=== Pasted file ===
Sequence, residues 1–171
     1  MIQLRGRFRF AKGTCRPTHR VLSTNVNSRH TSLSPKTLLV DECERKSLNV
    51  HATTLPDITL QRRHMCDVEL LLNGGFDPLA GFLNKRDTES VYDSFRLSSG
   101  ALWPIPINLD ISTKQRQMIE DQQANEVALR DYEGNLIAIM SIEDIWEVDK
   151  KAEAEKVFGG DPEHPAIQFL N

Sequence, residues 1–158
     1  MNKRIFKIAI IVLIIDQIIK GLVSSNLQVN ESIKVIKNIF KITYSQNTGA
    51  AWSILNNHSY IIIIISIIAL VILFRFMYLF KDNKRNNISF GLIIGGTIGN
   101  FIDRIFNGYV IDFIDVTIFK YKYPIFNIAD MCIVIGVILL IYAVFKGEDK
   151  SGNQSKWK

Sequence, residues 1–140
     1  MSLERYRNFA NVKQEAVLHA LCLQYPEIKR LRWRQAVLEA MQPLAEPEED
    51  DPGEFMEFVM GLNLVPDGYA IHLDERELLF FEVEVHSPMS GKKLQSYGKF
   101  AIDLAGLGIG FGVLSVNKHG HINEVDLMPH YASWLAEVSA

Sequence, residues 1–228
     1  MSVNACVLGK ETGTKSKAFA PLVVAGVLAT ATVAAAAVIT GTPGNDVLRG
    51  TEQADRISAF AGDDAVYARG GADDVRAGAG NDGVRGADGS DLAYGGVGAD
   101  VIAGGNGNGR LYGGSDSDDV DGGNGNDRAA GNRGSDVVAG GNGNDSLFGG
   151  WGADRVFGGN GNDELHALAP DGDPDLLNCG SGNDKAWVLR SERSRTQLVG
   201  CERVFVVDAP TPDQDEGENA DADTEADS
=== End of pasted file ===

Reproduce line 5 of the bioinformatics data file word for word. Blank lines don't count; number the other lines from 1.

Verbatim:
   151  KAEAEKVFGG DPEHPAIQFL N